Measurements: Height 15.6 cm, Mouth Dia. 31 cm, Pillar height 13.1 cm
Period: Late Shang dynasty (1300--1046 BCE)
Provenance: Unearthed from the Fuhao tomb, Yin ruin in Anyang, 1976
Of a large basin form, with a wide flaring mouth, deep belly, two handles on two sides, and a band of groove on the rim which is likely for fitting the cover. Graceful patterns were cast on the outside, a hollow pole stands in the center surmounted by a top end in the form of a flower bud with four “willow leaf-shaped” perforations. The inside of the vessel was inscribed with a Chinese character “Hao”.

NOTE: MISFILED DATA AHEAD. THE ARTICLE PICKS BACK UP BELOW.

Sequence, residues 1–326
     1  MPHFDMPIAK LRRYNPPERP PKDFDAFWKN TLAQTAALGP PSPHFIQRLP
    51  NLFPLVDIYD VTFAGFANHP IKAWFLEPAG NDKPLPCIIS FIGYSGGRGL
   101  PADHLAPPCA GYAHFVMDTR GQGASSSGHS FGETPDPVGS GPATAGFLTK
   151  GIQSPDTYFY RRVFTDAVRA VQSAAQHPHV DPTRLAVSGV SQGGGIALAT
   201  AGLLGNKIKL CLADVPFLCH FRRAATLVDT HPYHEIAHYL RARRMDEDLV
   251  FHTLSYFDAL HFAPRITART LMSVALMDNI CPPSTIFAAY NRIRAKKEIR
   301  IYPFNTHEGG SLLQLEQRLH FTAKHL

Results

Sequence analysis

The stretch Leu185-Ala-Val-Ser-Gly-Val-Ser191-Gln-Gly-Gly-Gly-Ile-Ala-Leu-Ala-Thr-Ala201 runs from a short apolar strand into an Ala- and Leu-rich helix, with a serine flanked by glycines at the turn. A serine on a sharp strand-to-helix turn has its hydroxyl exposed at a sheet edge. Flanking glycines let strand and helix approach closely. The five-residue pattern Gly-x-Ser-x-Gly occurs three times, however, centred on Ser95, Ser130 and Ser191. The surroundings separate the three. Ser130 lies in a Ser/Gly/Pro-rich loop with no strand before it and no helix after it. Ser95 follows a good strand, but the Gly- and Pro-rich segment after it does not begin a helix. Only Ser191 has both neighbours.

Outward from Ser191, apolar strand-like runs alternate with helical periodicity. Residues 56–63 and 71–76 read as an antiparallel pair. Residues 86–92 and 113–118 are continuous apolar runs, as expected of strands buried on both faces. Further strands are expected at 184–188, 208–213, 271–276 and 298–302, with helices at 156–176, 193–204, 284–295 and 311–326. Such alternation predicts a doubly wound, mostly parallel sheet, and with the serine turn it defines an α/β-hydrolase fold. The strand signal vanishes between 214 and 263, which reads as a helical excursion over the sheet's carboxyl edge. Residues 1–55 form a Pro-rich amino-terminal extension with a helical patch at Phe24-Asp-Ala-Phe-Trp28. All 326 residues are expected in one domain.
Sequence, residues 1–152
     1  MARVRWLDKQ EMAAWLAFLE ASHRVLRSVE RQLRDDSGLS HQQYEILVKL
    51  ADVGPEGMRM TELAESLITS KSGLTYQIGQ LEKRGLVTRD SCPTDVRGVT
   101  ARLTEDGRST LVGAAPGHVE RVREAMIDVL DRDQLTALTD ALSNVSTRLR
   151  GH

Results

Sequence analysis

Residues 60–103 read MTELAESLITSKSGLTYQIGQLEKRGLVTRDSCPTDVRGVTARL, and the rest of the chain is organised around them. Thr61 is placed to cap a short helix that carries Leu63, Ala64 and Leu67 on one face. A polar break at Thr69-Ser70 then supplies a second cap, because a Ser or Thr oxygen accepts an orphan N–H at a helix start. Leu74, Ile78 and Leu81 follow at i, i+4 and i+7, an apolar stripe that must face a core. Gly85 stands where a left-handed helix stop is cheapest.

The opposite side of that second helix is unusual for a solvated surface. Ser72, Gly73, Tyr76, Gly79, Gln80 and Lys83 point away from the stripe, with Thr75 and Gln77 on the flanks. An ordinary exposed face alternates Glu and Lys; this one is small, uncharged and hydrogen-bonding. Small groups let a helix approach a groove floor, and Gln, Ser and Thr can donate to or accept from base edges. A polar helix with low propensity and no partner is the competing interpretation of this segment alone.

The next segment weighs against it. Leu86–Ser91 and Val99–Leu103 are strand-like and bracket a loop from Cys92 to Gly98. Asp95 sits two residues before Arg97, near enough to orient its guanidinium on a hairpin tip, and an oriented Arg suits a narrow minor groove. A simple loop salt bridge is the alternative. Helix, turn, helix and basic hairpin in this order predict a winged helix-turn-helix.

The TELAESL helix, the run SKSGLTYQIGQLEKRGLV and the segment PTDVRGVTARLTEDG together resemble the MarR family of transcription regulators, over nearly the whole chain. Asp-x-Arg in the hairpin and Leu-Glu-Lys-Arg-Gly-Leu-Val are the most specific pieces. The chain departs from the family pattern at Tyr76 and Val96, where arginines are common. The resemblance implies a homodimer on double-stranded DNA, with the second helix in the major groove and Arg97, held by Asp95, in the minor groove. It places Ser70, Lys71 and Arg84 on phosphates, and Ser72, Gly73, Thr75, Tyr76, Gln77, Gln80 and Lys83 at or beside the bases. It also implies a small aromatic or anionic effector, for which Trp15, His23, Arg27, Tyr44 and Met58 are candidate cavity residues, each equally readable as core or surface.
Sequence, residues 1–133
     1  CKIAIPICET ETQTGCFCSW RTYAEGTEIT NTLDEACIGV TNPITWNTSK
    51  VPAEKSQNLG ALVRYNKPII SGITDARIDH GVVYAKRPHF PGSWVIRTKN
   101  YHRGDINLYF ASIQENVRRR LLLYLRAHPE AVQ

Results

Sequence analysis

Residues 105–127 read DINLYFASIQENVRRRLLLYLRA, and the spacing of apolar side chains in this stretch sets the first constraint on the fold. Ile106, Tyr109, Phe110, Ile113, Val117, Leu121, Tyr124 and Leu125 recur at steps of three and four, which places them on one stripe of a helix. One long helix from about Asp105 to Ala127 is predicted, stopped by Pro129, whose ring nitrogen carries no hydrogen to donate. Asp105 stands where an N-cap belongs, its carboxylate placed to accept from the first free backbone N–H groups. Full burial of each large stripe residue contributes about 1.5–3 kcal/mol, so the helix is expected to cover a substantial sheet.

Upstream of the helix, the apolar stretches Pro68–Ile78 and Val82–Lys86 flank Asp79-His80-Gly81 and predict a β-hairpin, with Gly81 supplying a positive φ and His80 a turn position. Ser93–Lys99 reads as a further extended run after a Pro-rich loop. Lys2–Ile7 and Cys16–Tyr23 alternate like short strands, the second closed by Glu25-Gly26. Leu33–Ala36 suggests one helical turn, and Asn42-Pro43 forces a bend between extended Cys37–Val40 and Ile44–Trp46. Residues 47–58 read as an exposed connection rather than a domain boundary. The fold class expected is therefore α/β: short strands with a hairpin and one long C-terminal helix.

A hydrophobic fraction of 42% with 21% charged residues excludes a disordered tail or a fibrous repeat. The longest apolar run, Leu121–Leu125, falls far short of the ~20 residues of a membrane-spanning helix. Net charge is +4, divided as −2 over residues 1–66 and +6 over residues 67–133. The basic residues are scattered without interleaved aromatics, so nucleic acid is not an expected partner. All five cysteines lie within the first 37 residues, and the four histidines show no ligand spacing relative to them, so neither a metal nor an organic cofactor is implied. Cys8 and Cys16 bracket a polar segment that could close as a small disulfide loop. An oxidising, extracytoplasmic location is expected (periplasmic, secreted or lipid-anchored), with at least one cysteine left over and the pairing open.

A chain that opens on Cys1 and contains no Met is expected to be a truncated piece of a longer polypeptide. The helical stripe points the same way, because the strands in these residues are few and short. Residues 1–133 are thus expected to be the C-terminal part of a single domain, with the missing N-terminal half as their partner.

As a steaming utensil in ancient China, Zeng was jointly used with tripod cauldron (Li) as a set which was known as Yan. The food was placed inside the Zeng which was stacked on the Li containing water, when the water boiling after heating the Li, the vapor would go through the hollow pole and the four perforations on the top to get inside the Zeng to steam the food. The design principle is highly similar with that of modern steam pot.
Fuhao tomb was intact before excavation, thus it yielded a great quantity of burial goods, of which 109 bronze wares bear inscription “Fu Hao”, which include the present “Hao” Zeng-shaped vessel with a steam pole.